A new approach to managing voltage and reactive power
21 May 2020 - 3 minute read
We’re finding new ways to operate the electricity grid which are more cost effective for consumers. In this blog, our Head of Networks Julian Leslie, outlines our new approach to managing voltage and reactive power, including our new contracts in the Mersey region.
What is reactive power and why is it important?
At National Grid ESO, we manage the electricity flowing across the transmission network from generation to demand. This electricity is transported at voltages much higher than what is delivered to your home. We must make sure that the voltage remains within safe limits across the whole network. We do this by using equipment and generators across the transmission system to absorb or inject reactive power. Too much reactive power increases voltage levels, and too little reduces it.
What’s changing and why?
Traditionally, reactive power services are provided by large generators and equipment owned and maintained by the transmission owner (TO). As we transition to a world where energy comes from low and zero carbon sources and access to large generators is reduced, we need to find new sources and providers of reactive power.
We have seen a continual increasing need to absorb reactive power and prevent high voltage levels. The Mersey High Voltage Pathfinder sought to find the most cost-effective solution to a need in the Mersey region. To deliver greatest value for the consumer, for the first time, we have compared new commercial providers of reactive power to a traditional asset provided by the TO. Partnership with the local distribution network operator (SPManWeb) also allowed providers on the distribution network to participate.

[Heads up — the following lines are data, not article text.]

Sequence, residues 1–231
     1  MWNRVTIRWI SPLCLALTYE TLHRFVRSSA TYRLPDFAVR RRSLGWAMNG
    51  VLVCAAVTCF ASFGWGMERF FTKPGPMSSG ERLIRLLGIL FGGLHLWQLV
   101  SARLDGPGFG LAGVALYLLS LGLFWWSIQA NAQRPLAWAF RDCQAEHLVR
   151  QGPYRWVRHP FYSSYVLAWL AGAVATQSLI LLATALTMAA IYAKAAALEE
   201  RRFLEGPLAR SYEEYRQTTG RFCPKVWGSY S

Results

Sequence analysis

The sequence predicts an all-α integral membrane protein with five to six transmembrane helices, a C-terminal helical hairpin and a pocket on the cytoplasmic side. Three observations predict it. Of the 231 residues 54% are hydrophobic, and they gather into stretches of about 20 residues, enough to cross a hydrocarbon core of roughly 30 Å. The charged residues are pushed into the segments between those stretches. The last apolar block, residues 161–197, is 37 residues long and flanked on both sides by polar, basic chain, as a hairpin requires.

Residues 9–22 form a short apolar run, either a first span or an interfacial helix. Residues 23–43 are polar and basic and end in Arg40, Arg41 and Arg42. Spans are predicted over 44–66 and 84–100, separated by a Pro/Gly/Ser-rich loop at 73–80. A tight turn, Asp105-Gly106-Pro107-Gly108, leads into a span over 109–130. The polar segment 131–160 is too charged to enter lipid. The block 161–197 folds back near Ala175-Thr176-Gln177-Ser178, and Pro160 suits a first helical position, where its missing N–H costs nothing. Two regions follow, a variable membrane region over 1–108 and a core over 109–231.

In total we received 15 applicants to the tender process and after a tough review process, we decided on the successful partners.
The pathfinder has today awarded contracts to commercial providers PeakGen and Zenobe (equipment and battery respectively). The total cost of the contracts is £8.67m over the nine-year term starting in April 2022 and represents the best value for the consumer.
The contracts will result in the building of a reactor which absorbs reactive power, and a battery which will be able to operate in additional markets alongside its reactive power contract.
How does this fit into the bigger picture?
A complex set of processes are involved in keeping the power system stable – ensuring secure and reliable operability in real-time. Currently those processes, the foundations of the electricity system, rely to some extent on the intrinsic nature of traditional fossil-fuelled generation.
Over the past year we have begun transforming these foundations, designing new approaches through our Pathfinder projects. New technology means that as well as wind and solar providing power, they can also be used to manage key properties of electricity such as frequency and voltage. We’re also designing new commercial frameworks too, widening access to the electricity market and making it easier for smaller, renewable sources of power to play a role.
New technology and a more intelligent use of energy is also playing its part, with recent examples, particularly in electric vehicle charging, helping to shift patterns of domestic electricity demand to accommodate increased levels of renewable power. Each little change means the grid is getting greener, and cheaper than the alternative option too, meaning savings are ultimately passed on to consumers.
The progress is exciting, but the biggest change is yet to come – in just five years, when there is enough zero carbon generation available, we will be able to operate Great Britain’s electricity network without using any fossil fuels for electricity generation.